Caffe2 - Quick Guides



Caffe2 Study Notes

In this study notes, we will learn how to utilize a deep learning framework named Caffe2 (Convolutional Architecture for Fast Feature Embedding). Additionally, we will understand the difference between traditional machine learning and deep learning, what are the new highlights in Caffe2 as compared to Caffe and the installation guidelines for Caffe2.

Audience

This study notes is designed for those who have keen interest in learning about creating models and new algorithms for solving problems with the assistance of a modular and scalable deep learning framework, Caffe2. Besides, it is for the programmers who are eager to bring their creations to scale with the assistance of graphics processing units (GPUs) in the cloud or to common people on mobile with cross - platform libraries.

Prerequisites

Before you continue with this study notes, we expect that you have earlier knowledge about deep learning framework, machine learning library PyTorch and programming languages such as C++, Python and MATLAB. If you are novice to any of the technologies mentioned before, you can refer to the respective study notes before starting with this study notes.


Caffe2 - Introduction

Most recent few years, Deep Learning has become a major trend in Machine Learning. It has been successfully applied to solve previously unsolvable issues in Vision, Speech Recognition and Natural Language Processing (NLP). There are a lot more domains in which Deep Learning is being applied and has indicated its usefulness.

Caffe (Convolutional Architecture for Fast Feature Embedding) is a deep learning framework developed at Berkeley Vision and Learning Center (BVLC). The Caffe project was made by Yangqing Jia during his Ph.D. at University of California - Berkeley. Caffe provides an simple method to experiment with deep learning. It is written in C++ and gives bindings for Python and Matlab.

It supports various different types of deep learning architectures such as CNN (Convolutional Neural Network), LSTM (Long Short Term Memory) and FC (Fully Connected). It supports GPU and is thus, ideally suited for production environments involving deep neural networks. It also supports CPU-based kernel libraries such as NVIDIA, CUDA Deep Neural Network library (cuDNN) and Intel Math Kernel Library (Intel MKL).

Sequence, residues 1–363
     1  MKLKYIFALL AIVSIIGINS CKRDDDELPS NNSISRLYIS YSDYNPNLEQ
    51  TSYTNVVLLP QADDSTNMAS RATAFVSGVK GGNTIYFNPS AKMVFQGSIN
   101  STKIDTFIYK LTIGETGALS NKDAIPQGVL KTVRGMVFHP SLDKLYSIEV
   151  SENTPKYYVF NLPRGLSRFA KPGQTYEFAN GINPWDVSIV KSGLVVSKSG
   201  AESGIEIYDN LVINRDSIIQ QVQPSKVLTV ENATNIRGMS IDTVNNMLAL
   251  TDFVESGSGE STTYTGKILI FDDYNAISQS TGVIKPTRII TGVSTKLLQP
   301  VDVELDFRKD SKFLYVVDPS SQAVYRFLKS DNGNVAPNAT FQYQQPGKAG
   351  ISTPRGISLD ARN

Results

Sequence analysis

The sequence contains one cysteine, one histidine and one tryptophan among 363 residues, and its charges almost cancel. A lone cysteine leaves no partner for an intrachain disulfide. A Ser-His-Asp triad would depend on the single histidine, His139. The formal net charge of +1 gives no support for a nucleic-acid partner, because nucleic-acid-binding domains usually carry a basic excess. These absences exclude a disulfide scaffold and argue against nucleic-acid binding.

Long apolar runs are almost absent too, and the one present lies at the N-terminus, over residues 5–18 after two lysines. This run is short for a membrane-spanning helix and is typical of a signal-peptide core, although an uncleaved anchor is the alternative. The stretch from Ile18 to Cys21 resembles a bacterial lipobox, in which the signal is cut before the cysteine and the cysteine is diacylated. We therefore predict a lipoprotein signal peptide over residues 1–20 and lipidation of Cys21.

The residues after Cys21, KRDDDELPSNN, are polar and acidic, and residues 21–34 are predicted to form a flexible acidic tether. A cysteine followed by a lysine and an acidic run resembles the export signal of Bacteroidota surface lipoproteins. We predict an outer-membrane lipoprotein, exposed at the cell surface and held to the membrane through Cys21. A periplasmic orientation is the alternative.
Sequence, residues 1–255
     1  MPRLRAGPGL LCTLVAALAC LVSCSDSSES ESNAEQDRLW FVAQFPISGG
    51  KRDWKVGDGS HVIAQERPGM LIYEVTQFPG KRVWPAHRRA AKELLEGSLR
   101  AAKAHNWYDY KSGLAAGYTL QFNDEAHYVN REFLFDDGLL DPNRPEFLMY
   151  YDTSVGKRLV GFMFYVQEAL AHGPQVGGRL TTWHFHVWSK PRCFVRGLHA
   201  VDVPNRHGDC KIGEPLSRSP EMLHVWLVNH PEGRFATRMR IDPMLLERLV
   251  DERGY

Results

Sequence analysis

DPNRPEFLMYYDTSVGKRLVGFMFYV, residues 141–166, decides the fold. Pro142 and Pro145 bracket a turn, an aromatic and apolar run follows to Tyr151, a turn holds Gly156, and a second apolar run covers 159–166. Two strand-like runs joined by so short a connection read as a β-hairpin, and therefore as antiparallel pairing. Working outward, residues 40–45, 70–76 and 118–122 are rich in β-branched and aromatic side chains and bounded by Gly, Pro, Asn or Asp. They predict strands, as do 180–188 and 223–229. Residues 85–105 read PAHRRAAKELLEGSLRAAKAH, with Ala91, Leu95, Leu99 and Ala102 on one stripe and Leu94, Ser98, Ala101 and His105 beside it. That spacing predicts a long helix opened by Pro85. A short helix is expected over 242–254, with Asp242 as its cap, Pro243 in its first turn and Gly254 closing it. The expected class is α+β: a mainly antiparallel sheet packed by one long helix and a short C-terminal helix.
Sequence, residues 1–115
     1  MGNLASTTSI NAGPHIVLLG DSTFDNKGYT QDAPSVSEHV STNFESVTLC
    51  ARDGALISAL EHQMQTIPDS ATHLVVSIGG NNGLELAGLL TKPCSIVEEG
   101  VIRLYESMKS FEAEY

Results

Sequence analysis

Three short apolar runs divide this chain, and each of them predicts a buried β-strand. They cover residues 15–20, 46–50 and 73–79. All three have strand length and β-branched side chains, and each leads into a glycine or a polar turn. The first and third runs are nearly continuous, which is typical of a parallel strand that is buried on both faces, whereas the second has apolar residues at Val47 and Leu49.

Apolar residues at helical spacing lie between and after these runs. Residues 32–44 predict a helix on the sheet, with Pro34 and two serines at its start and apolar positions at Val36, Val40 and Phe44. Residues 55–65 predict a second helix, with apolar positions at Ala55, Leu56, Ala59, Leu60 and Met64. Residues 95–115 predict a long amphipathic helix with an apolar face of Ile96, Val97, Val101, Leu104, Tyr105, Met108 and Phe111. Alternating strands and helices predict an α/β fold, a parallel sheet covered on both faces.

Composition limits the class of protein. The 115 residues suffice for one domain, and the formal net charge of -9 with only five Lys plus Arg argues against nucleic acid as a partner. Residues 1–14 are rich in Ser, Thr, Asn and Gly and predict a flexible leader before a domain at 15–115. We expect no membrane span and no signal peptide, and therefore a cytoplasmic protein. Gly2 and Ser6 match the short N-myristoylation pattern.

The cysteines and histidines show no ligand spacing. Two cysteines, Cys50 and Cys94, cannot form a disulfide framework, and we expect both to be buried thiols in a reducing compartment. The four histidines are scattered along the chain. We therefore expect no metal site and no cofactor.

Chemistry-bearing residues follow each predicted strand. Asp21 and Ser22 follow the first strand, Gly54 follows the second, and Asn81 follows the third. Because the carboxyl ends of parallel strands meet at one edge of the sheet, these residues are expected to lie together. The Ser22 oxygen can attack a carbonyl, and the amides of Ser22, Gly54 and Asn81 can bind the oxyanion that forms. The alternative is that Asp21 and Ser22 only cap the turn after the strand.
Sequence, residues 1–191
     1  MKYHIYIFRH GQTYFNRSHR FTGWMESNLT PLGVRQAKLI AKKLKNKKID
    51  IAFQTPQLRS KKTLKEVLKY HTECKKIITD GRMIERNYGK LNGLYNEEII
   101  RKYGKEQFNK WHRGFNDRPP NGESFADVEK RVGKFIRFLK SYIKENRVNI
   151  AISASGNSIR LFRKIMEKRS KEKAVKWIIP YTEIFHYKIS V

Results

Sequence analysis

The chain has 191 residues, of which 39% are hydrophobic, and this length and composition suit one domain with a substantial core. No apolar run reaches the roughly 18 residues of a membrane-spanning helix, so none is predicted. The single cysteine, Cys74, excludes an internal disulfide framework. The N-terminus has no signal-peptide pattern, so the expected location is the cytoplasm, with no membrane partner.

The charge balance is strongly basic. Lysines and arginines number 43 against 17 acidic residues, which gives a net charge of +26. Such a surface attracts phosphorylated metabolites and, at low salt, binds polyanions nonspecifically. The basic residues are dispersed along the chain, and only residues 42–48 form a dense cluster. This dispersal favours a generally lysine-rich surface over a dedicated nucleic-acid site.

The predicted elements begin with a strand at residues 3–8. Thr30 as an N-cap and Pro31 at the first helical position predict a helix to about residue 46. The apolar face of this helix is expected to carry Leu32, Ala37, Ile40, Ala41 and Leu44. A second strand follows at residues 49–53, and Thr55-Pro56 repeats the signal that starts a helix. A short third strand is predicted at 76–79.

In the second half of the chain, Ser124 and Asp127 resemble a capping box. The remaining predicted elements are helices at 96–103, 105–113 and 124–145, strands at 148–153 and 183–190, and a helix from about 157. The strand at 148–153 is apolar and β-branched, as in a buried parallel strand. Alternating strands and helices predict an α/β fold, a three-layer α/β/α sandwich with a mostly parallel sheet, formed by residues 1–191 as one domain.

In April 2017, U.S. based social networking service organization Facebook announced Caffe2, which now includes RNN (Recurrent Neural Networks) and in March 2018, Caffe2 was merged into PyTorch. Caffe2 creators and community members have created models for solving different issues. These models are available to the public as pre-trained models. Caffe2 helps the creators in using these models and creating one’s own organization for making predictions on the dataset.

Before we go into the details of Caffe2, let us understand the difference between machine learning and deep learning. This is important to understand how models are created and utilized in Caffe2.

Machine Learning v/s Deep Learning

In any machine learning algorithm, be it a traditional one or a deep learning one, the selection of features in the dataset plays an extremely important role in getting the desired prediction accuracy. In traditional machine learning techniques, the feature selection is done generally by human inspection, judgement and deep domain knowledge. Sometimes, you may seek help from a couple of tested algorithms for feature selection.

The traditional machine learning flow is depicted in the figure below −

 

machine_learning

 

In deep learning, the feature selection is automatic and is a part of deep learning algorithm itself. This is appeared in the figure below −

 

deep_learning

 

In deep learning algorithms, feature engineering is done naturally. Generally, feature engineering is time-consuming and requires a decent expertise in domain. To implement the automatic feature extraction, the deep learning algorithms typically ask for huge amount of data, so if you have just thousands and tens of thousands of data points, the deep learning technique may neglect to give you satisfactory results.

With larger data, the deep learning algorithms produce better results compared to traditional ML algorithms with an additional advantage of less or no feature engineering.


Caffe2 - Overview

Presently, as you have got some insights into deep learning, let us get an overview of what is Caffe.

Training a CNN

Let us get familiar with the cycle for training a CNN for classifying pictures. The process comprises of the following steps −